March 24, 2023

A Long Fall for Taiwan Smartphone Maker

Those days are little more than a memory. Its stock price has plummeted more than 88 percent since its April 2011 high. Profits for the second quarter, which ended June 30, were down 83 percent. The company warned that the third quarter looked bleaker still.

It gets worse.

Several of those poached executives, brought onboard to help increase shipments and work on acquisitions have walked away, and there is a growing chorus for the ouster of the embattled chief executive, Peter Chou, as reports filter out of Taipei about an autocratic leader who is out of touch with the industry.

There were also the arrest last week of five departing executives accused of stealing company secrets and padding expense accounts. HTC had filed a complaint against the executives, who included the vice president of product design, Thomas Chien, and the research and development director Wu Chien-hung.

“We are cleaning up inventory and at the same time rebuilding our brand,” said the company’s chief marketing officer, Ben Ho. “If we don’t, there really is no tomorrow for us. The shock came last year. This year we have tried to repent. Are we forgiven? No, the markets will punish you if you don’t repent and recover fast enough.”

Former employees say that marketing, sales and distribution problems, along with spiraling inventory costs, have killed momentum and are dragging HTC into unprofitability.

In the quick-moving mobile devices industry, a lack of momentum is tantamount to a death sentence. Just ask Motorola or BlackBerry.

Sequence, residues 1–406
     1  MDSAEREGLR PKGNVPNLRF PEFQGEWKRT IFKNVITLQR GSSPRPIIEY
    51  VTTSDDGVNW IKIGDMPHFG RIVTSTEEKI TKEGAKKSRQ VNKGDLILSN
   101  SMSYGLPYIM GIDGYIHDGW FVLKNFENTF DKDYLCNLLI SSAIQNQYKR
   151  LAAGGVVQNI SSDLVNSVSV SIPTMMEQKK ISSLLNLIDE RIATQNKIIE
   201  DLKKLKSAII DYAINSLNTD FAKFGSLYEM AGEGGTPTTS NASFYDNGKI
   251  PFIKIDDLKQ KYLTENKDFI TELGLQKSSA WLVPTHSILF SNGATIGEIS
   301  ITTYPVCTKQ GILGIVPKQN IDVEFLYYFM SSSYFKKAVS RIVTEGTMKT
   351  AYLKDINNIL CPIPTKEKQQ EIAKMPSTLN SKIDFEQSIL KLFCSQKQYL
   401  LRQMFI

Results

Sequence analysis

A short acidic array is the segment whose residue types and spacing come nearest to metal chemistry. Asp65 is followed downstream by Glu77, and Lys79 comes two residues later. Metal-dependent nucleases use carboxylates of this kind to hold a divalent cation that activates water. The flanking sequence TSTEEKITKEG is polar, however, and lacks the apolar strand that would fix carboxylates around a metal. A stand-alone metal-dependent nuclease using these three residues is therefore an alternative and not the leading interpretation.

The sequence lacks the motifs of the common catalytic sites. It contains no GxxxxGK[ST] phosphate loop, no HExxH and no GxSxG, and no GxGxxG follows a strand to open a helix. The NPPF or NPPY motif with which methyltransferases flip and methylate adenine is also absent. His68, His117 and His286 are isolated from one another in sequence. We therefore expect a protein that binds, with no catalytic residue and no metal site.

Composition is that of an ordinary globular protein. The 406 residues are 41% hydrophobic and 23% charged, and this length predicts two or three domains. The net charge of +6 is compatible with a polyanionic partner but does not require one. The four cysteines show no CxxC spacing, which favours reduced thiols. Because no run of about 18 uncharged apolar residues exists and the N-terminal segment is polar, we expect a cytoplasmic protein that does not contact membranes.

HTC set up shop as a contract electronics maker in 1999. Founded by Cher Wang, daughter of the billionaire former chairman of Formosa Plastics, Wang Yung-ching, it had to worry only about its margins. The clients took care of the rest. Business was good.

In 2002, it listed on the Taiwan Stock Exchange, starting a run of profitable quarters that will most likely be snapped with the next earnings report. HTC has said that it expects an operating margin of zero or a loss of as much as 8 percent for the third quarter.

By 2006 it had grown weary of slapping other companies’ brand names onto its products and decided to go it alone. A few years later, HTC developed the first smartphone that used Google’s Android operating system.

“HTC has always made great products,” said a recently departed executive, who spoke on condition of anonymity because of the sensitivity of the situation. “There are no problems on the hardware side of the ball. It just can’t sell to save itself. It’s relied too heavily on operator subsidies, and those are drying up for the premium phone market HTC likes to play in.”

The market research firm Gartner said that HTC had shipped 24.6 million smartphones in 2010, accounting for about one in every 12 smartphones bought globally. In 2011, that share increased to 9.1 percent, with purchases surging to about 43 million units.

In Taiwan, HTC was feted in the local media as the little company that could — the former contract maker now on the big stage for its innovation. Politicians urged the public to buy patriotically. HTC was an electronics flag bearer.

The company went on an acquisitions binge, spending more than $700 million, including splashy purchases of the U.S. graphics maker S3 Graphics for $300 million and the premium headphone maker Beats Electronics for $309 million.